The reward-only trainer who is content with seeing their clients struggle in the name of staying true to their idealized view of what constitutes “humane” dog training should be ashamed of themselves.
The “balanced” trainer who gives the occasional treat, but is perfectly happy relying on pressure to get the job done, without pausing for a moment and considering that perhaps the reason they need to use pressure is due to a deficiency of their own skills, should probably find a new profession.
I don’t care which side of the fence you fall on. Put your ideals aside, embrace the turmoil inside of yourself, and help us lead this profession and this craft into the future.
8 thoughts on “Cognitive Dissonance”
I’ve seen Susan Garrets dogs in person countless times, she hasn’t achieved it either…
Simply lovely, Tyler. Simply lovely.
Thank you Tyler, wonderfully written the quote by Yuval Noah Harari, Sapiens a struggle many of my clients ( not dog related) struggle to understand. I look forward to seeing you in Australia in July.
Thankyou for your wise words that are so well written and expressed…
Great blog Tyler
I happen to be on your side; I think all quadrants can be used if the trainer is making knowledgeable decisions as part of a planned approach with the dog’s actual learning and emotional state as a guide. However I think this is best done by highly skilled people not average pet owner. So, how do you find it’s easier to make average pet owner skilled enough with +p and -r in real life situations but not with the other quadrants? I’m serious, not try to attack.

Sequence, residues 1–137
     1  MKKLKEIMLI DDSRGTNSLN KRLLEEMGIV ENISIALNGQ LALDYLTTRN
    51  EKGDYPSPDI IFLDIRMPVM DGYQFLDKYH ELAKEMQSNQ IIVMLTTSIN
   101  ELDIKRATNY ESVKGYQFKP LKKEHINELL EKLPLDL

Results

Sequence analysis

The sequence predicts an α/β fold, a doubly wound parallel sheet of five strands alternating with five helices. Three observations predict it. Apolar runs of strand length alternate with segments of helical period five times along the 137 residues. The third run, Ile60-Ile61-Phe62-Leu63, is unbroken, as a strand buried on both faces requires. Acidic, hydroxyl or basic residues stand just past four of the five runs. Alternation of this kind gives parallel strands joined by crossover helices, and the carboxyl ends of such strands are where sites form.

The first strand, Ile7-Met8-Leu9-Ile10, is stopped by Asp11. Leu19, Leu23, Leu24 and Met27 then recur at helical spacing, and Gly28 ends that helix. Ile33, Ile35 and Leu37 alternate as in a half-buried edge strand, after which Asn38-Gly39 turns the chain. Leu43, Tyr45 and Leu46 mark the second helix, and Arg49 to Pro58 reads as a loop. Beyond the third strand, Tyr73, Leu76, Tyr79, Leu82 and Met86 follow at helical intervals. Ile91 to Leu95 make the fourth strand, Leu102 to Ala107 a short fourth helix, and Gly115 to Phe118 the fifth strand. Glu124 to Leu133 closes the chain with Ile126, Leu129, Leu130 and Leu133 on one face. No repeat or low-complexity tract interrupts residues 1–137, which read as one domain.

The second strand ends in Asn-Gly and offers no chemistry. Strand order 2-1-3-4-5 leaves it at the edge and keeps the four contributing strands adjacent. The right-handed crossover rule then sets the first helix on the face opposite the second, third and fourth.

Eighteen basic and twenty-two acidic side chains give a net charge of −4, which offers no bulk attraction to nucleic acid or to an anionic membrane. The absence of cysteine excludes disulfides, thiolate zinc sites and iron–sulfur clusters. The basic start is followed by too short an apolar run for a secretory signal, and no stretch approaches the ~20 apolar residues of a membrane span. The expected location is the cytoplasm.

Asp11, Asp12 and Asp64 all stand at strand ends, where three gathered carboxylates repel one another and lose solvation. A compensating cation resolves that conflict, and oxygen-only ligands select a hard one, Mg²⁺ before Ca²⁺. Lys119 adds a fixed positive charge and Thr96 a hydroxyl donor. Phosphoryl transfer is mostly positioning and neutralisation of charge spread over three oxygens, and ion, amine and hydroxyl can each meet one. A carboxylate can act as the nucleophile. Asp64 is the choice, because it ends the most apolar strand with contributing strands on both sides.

NIce one, Tylor. You are taking the words out of my mouth! Well, you are more expert than me but meaning I totally agree. I am consultant on Ibiza (dogs-abc-ibiza.com), Spain and student of Thomas Baumann from Germany, the most likely best behavior analyst in Europe. The lack of education and discipline in the first half year of a dog´s life is causing most casualties and shelter inmates. Plus: the prescription of meds is increasing in a crazy way since most vets have no other idea and yes, it is so easy. Good to know you are out there, man. Bless you! Bjoern
Tyler, I have a 2 1/2 year old male black tri Austrslian Shepherd whom I have been having I believe dear aggression issues for at least the last year and a half. We live in a gated community with many people and dogs, bikers. Etc. when he is triggered by whatever he starts lunging & barking. He goes from 0 to 10 in what seems a second. I have tried all kinds of training ideas such as turning & walking away. Positive reinforcement, and an e-collar. With that collar I use the light noise as a positive reinforcement just like a clicker and the word yes. I never know what or who will trigger him and have been bitten a few times as a result of trying to grab his collar. I know I should not do that but sometimes I just do it w/out thinking. I’ve had dogs all my life and currently have 2 others. All do agility with me. I am at my wits end and short of putting him down which I don’t want to do I can’t come up with a solution. Can you help me? Thank you